Background: Research has shown that Intensive Short-Term Dynamic Psychotherapy (ISTDP) can effectively decrease pain intensity and improve quality of life in patients with medically unexplained pain.
Objective: Understanding that not all patients with medically unexplained pain have access to in-person ISTDP, this study aims to investigate the efficacy of an Internet-delivered ISTDP for individuals with medically unexplained pain using Skype in comparison with treatment as usual.
Method: In this randomized controlled trial, 100 patients were randomly allocated into Internet-delivered ISTDP (n = 50) and treatment-as- usual (n = 50) groups. Treatment intervention consisted of 16 weekly, hour-long therapy sessions. The primary outcome was perceived pain assessed using the Numeric Pain Rating Scale. The secondary outcome included Depression Anxiety Stress Scale-21, Emotion Regulation Questionnaire, Mindful Attention Awareness Scale, and Quality-of-Life Inventory. Blind assessments were conducted at the baseline, posttreatment, and at a 6-month follow-up.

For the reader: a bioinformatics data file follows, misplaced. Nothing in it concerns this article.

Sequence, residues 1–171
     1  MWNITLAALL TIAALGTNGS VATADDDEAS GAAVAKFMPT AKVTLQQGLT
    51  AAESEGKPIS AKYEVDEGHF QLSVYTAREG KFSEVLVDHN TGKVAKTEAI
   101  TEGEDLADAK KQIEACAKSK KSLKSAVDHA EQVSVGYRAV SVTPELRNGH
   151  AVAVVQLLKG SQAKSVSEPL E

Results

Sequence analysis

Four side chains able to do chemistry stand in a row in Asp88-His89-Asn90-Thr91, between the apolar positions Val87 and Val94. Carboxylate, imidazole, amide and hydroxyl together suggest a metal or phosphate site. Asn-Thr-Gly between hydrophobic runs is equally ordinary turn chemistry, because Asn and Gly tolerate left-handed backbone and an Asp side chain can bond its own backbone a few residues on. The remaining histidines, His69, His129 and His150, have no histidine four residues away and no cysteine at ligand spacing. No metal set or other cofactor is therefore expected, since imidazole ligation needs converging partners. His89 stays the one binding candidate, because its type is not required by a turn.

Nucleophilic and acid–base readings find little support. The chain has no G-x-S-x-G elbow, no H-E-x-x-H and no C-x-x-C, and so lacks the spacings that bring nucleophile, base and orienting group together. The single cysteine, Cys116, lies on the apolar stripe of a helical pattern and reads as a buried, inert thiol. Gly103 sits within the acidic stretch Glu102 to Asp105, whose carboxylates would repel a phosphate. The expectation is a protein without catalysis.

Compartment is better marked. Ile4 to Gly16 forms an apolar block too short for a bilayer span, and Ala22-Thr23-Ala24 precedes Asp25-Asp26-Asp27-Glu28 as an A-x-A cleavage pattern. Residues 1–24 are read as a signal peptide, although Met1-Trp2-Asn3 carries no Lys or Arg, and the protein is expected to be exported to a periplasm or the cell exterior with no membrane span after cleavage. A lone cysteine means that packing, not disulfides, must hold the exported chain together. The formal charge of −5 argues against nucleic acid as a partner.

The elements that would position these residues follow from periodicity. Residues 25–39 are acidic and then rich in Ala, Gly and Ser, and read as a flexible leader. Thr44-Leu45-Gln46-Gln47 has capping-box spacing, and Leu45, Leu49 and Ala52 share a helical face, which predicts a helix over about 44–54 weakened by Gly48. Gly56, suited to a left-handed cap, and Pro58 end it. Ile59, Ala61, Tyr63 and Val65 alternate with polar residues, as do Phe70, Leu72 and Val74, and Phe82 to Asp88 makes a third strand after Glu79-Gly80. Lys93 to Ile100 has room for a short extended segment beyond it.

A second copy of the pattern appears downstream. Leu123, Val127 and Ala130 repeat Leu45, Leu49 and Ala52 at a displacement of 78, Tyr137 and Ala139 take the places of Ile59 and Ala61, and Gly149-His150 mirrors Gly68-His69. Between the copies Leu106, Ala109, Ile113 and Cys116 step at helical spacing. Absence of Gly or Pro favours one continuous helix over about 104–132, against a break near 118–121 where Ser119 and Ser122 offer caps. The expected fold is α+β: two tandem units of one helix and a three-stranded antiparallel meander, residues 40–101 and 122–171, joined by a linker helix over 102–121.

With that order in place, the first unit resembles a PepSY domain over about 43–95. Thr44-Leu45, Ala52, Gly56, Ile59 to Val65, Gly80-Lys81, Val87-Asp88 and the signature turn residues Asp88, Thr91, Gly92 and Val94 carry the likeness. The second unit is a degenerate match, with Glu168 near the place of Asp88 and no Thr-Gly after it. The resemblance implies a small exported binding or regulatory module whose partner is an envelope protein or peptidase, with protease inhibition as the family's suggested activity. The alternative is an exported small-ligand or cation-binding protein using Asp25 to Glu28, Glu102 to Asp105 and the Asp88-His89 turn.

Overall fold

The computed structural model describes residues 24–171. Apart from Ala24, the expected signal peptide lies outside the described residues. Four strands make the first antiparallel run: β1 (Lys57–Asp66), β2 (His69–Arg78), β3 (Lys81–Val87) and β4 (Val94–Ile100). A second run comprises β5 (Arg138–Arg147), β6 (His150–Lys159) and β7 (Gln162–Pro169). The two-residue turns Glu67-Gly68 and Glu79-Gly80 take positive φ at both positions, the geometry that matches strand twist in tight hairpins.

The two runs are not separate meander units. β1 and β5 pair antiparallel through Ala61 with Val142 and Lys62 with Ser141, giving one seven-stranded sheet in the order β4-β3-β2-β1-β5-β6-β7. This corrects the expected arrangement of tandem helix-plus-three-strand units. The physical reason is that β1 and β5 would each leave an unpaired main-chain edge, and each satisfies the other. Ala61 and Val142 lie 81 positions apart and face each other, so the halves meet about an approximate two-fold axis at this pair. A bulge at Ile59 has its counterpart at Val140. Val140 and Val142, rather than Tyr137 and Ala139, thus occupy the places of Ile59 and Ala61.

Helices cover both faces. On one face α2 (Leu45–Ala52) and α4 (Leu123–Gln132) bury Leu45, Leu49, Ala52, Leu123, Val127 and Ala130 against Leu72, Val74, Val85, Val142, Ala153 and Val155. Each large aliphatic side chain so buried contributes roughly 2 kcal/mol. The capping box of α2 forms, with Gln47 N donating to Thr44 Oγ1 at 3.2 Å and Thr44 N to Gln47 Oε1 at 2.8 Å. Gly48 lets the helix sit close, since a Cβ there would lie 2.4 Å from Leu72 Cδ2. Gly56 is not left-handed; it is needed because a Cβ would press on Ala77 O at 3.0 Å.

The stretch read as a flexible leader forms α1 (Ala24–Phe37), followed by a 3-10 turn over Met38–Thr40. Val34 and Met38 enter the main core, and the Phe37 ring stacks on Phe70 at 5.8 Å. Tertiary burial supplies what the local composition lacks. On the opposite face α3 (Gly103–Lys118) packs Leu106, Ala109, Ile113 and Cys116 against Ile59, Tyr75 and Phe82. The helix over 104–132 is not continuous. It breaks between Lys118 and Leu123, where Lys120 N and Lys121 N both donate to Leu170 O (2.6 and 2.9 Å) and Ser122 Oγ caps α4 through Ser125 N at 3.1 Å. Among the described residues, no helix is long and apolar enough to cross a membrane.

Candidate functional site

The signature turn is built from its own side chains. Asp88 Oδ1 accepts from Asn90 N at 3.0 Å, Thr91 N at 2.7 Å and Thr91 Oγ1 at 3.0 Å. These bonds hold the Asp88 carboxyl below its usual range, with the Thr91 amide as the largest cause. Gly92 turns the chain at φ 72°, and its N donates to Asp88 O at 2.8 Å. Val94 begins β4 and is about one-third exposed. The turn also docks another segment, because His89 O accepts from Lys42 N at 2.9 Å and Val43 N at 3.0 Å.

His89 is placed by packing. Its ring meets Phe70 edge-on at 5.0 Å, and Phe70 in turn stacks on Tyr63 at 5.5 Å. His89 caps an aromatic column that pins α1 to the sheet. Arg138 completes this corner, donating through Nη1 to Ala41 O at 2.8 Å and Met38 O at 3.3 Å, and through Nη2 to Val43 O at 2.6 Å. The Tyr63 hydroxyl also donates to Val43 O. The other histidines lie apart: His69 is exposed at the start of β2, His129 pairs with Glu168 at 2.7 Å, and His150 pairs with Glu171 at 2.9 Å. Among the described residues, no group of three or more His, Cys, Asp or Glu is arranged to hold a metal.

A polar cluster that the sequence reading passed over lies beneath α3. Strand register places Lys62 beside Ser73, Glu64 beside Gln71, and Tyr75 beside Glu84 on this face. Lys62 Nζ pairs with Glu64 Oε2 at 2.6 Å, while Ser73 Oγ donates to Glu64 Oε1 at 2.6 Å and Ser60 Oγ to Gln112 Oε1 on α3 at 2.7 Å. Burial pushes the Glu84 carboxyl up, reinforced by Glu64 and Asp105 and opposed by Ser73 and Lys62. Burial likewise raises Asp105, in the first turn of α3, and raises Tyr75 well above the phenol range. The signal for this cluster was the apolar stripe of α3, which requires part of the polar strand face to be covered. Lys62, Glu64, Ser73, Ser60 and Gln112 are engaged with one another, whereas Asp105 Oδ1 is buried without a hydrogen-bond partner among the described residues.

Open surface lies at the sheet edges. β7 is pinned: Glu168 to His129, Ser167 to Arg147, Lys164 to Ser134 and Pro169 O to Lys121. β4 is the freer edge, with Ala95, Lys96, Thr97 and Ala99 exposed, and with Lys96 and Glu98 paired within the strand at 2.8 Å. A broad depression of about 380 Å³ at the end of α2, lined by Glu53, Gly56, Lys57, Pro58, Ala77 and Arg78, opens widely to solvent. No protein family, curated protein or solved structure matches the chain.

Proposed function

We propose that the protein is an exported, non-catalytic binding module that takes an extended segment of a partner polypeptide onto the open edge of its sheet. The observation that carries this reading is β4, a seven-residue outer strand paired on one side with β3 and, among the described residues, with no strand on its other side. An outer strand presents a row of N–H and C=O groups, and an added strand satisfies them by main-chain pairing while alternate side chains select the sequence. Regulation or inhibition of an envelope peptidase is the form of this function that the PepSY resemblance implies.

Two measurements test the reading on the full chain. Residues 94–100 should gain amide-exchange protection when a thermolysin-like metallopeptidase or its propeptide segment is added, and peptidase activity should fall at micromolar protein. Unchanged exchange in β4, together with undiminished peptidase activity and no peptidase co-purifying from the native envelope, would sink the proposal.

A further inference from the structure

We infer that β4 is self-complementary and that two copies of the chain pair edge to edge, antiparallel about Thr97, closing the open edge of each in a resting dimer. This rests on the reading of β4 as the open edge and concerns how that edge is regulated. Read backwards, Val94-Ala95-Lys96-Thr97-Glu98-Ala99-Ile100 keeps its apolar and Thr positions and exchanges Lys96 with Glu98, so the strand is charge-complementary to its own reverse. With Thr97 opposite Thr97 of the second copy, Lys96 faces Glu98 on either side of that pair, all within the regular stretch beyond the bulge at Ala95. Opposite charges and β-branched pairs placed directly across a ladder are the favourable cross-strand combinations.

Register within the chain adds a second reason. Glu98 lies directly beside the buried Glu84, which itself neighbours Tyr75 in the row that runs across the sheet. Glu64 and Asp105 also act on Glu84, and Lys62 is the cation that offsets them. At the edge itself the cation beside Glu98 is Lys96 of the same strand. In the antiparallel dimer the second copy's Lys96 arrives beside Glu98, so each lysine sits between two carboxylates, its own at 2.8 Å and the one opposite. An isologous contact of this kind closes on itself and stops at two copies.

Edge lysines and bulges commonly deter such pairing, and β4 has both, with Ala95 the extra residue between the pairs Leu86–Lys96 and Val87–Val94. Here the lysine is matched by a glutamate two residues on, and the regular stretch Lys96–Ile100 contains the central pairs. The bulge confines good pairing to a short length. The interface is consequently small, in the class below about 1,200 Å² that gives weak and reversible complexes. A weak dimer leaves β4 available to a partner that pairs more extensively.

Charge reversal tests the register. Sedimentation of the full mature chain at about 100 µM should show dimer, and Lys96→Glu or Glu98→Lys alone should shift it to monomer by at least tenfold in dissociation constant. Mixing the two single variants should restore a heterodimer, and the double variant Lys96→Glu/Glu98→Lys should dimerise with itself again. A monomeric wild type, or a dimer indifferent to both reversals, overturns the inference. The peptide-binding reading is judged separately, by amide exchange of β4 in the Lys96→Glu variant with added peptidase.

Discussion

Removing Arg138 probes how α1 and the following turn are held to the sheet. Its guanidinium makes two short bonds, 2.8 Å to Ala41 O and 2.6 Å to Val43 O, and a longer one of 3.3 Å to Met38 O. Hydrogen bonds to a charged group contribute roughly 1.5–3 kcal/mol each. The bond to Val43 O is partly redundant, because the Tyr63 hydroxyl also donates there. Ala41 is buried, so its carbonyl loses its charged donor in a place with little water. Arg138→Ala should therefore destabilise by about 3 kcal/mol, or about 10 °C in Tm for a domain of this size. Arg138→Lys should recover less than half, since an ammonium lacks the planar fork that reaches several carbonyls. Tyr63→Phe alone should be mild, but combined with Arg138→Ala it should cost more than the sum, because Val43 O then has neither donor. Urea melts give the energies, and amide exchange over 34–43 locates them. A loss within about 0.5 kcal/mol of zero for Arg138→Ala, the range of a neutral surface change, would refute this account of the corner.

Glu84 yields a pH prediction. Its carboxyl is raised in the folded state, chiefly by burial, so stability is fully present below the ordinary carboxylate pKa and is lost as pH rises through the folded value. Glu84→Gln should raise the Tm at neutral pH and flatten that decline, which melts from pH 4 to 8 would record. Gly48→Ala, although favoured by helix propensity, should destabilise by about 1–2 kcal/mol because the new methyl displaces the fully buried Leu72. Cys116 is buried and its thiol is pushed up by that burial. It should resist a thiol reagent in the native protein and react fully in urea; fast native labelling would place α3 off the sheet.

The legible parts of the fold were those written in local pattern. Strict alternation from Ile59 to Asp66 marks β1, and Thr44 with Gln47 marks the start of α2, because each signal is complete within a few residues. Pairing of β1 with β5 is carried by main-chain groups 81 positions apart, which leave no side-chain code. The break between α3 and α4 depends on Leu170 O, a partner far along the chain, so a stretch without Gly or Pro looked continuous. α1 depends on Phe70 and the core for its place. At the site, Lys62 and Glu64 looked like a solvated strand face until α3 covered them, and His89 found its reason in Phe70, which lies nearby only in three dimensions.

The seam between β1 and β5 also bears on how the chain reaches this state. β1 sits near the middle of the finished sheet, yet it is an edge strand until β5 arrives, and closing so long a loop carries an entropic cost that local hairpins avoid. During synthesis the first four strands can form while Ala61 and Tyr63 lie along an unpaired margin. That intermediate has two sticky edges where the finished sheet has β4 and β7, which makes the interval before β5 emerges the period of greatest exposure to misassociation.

Results: In the intention-to-treat analysis, pain symptoms in the intervention group were significantly reduced (p < 0.001), whereas a reduction was not observed in the treatment as usual group (p = 0.651). Moreover, there were significant decreases in depression, anxiety, and stress, as well as a greater increase in emotion regulation functioning, mindfulness, and quality of life observed in the intervention group 6 months after the treatment compared with the treatment as usual condition.
Conclusion: The results of this pilot trial demonstrate that 16 weeks of ISTDP delivered by Skype can significantly improve pain intensity and clinical symptoms of medically unexplained pain.
Keywords: intensive short-term dynamic psychotherapy; medically unexplained pain; somatization; telemedicine.
Copyright © 2016 The Academy of Psychosomatic Medicine. Published by Elsevier Inc. All rights reserved.